Our Humble Solution to Unite Europe

Henry Kissinger famously said, “Who do I call if I want to speak to Europe?” In the world of investments, a similar question could be asked, “What index do I use if I want to invest in Europe?” The answer isn’t apparent, and this is why: the leading regional index in Europe, the EURO STOXX 50, doesn’t represent all of developed Europe.

This is a problem and an opportunity. It’s a problem because investors don’t realize the full network effects of relying on one index standard. Though the EURO STOXX 50 is the top index, investors use many indices to get exposure to this region. The result is a fragmented index landscape.

On the other hand, it’s an opportunity for an index provider to step forward to unite Europe by establishing a solution that is both representative of the region in its entirety and an efficient underlying for derivatives and other financial products.

Though establishing a new index standard may seem an impossible mission, we are regularly approached by investment banks and asset managers who are interested in a change. With this in mind, it’s worth considering from time to time what the ideal index landscape for Europe should be and whether the investment community can take steps to achieve it. Solutions already exist. We feel that S&P Dow Jones Indices has a strong candidate in the S&P Europe 350. The challenge is to elevate an index like this for the market to rally around.

A New Standard for Europe
The EURO STOXX 50 is the leading index for futures and options trading, as well as the leading index for ETF assets in the region. The main advantage of this index is its efficiency. The index has, of course, 50 constituents that are easily bought and sold and therefore represent a hedgeable underlying for financial products. The major downside to this index is that it only represents the Eurozone, and therefore excludes major markets such as the United Kingdom and Switzerland.

The S&P Europe 350, on the other hand, includes securities from every developed market but still contains a manageably low number of constituents. It covers 81% of Europe’s market capitalization using only 20% of the region’s tradable securities. The country weightings of the S&P Europe 350 are roughly in line with the broad universe, while the EURO STOXX 50 is weighted much differently. The table below that compares these indices with the S&P Europe Broad Market Index illustrates this.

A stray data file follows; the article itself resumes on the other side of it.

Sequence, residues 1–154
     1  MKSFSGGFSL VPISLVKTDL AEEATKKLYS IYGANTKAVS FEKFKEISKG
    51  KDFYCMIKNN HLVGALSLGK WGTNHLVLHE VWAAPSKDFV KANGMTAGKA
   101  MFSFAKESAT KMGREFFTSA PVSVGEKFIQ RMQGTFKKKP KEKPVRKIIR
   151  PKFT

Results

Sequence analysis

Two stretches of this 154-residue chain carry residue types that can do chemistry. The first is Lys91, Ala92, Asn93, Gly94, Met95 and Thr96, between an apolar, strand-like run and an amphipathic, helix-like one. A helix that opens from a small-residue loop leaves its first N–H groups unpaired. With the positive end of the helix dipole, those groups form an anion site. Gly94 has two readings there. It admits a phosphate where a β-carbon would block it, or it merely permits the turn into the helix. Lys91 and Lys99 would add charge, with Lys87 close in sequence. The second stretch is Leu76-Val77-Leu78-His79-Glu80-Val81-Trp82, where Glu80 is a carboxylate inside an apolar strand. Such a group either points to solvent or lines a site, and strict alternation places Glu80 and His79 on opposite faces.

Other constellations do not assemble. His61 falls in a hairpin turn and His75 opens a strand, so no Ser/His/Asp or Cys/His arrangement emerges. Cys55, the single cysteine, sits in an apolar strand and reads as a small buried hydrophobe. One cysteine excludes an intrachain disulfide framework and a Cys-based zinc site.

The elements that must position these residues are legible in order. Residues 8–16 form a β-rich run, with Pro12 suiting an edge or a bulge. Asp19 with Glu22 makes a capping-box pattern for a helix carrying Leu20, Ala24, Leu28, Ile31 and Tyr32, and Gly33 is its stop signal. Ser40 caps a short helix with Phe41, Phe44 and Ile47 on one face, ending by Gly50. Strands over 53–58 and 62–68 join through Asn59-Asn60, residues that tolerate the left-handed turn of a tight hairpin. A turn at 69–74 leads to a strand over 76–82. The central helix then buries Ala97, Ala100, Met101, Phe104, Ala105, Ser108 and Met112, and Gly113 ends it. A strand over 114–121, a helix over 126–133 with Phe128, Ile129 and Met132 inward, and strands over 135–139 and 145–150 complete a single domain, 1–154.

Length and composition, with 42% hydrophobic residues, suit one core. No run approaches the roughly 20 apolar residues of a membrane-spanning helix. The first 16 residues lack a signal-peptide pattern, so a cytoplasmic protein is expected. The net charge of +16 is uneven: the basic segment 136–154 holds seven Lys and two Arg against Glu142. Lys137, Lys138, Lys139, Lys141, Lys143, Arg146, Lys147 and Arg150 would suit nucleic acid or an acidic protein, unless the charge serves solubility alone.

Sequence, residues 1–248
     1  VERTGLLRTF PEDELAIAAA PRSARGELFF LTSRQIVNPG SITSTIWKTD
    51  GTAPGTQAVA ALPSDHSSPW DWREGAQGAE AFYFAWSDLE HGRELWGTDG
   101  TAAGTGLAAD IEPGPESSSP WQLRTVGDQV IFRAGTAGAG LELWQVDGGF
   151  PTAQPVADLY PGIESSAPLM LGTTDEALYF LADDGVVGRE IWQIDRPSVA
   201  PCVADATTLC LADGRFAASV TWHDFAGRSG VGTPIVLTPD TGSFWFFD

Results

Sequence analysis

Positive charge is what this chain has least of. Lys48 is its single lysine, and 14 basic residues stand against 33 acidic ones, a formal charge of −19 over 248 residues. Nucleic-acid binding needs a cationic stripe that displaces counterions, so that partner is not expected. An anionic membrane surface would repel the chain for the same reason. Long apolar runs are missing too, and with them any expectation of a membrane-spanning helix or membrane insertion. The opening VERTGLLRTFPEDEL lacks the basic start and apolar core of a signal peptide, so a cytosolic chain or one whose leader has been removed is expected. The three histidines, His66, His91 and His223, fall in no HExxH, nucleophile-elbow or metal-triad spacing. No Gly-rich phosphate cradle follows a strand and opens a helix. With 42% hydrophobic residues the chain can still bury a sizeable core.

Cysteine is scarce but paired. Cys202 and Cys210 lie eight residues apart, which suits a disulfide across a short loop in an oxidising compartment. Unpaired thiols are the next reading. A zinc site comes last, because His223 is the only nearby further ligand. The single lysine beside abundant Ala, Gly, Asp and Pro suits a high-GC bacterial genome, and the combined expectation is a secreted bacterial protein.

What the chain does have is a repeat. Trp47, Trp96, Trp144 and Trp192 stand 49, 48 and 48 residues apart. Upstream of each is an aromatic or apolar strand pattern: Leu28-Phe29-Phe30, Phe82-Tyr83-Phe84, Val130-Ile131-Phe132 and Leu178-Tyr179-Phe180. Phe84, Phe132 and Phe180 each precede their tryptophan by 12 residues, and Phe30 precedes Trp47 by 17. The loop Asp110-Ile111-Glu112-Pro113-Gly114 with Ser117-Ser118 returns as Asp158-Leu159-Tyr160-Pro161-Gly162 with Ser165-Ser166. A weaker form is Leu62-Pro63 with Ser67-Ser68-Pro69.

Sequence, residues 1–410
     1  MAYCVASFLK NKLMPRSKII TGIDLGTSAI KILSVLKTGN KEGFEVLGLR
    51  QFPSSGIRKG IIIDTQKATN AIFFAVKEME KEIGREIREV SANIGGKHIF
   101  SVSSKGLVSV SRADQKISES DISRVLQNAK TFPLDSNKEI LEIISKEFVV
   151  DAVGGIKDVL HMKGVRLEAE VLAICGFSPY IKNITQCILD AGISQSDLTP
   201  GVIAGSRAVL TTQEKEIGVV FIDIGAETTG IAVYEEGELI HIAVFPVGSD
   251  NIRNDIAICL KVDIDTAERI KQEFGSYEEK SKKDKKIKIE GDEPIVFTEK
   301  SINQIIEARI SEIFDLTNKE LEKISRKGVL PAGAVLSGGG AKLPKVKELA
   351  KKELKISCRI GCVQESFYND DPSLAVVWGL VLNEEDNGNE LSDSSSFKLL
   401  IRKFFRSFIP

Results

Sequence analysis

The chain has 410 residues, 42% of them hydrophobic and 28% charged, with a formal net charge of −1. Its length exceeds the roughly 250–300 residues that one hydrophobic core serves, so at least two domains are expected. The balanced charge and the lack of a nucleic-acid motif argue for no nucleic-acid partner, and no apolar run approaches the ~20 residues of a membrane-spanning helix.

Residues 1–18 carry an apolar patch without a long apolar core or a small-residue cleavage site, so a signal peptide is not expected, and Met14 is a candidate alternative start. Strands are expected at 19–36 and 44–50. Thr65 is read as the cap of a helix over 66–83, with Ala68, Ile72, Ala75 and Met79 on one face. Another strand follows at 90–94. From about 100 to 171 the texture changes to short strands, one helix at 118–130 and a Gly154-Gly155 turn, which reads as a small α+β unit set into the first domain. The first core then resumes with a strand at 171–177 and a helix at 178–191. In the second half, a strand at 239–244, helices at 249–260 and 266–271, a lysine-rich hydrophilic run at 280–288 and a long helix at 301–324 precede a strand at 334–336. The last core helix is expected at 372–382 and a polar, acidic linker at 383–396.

Country S&P Europe 350 S&P Europe BMI EURO STOXX 50
Austria 0.2% 0.5%
Belgium 2.2% 2.3% 3.7%
Denmark 2.6% 2.7%  –
Finland 1.5% 1.8% 1.2%
France 15.4% 14.7% 37.0%
Germany 14.1% 13.6% 33.1%
Ireland 1.1% 1.2% 1.3%
Italy 3.4% 3.6% 4.5%
Luxembourg 0.4% 0.4%  –
Netherlands 4.9% 5.3% 9.5%
Norway 0.9% 1.4%
Portugal 0.2% 0.3%
Spain 4.7% 4.8% 9.8%
Sweden 4.6% 5.3%
Switzerland 14.4% 13.4%
United Kingdom 29.6% 28.8%
100% 100% 100%

Sources: S&P Dow Jones Indices, STOXX Ltd.

Though these three indices – the S&P Europe 350, S&P Europe BMI, and the EURO STOXX 50 – are highly correlated, the EURO STOXX 50 has underperformed, with higher levels of risk.

Data as of Oct 31, 2016 (Euros, TR) S&P Europe 350 S&P Europe BMI EURO STOXX 50
Annualized Returns
1 Year -6.33% -5.59% -7.95%
3 Year 4.90% 5.68% 2.62%
5 Year 10.31% 11.07% 8.28%
10 Year 2.98% 3.42% 0.41%
Annualized Risk
3 Year 12.96% 12.69% 14.92%
5 Year 11.85% 11.68% 14.62%
10 Year 15.35% 15.52% 18.28%
Risk Adjusted Return
3 Year 0.38 0.45 0.18
5 Year 0.87 0.95 0.57
10 Year 0.19 0.22 0.02

Sources: S&P Dow Jones Indices, STOXX Ltd.

A Change is Needed and Will Come
Europe needs an index that balances efficiency and breadth such that investors enjoy the benefits of both. We are speaking with major product providers and institutional investors about the S&P Europe 350 as a solution. A change from the current indices won’t happen soon, but it will eventually come, and when it does, we will wonder why we didn’t make the switch sooner.

The posts on this blog are opinions, not advice. Please read our disclaimers.

Leave a Comment

Your email address will not be published. Required fields are marked *

You may use these HTML tags and attributes: <a href="" title=""> <abbr title=""> <acronym title=""> <b> <blockquote cite=""> <cite> <code> <del datetime=""> <em> <i> <q cite=""> <s> <strike> <strong>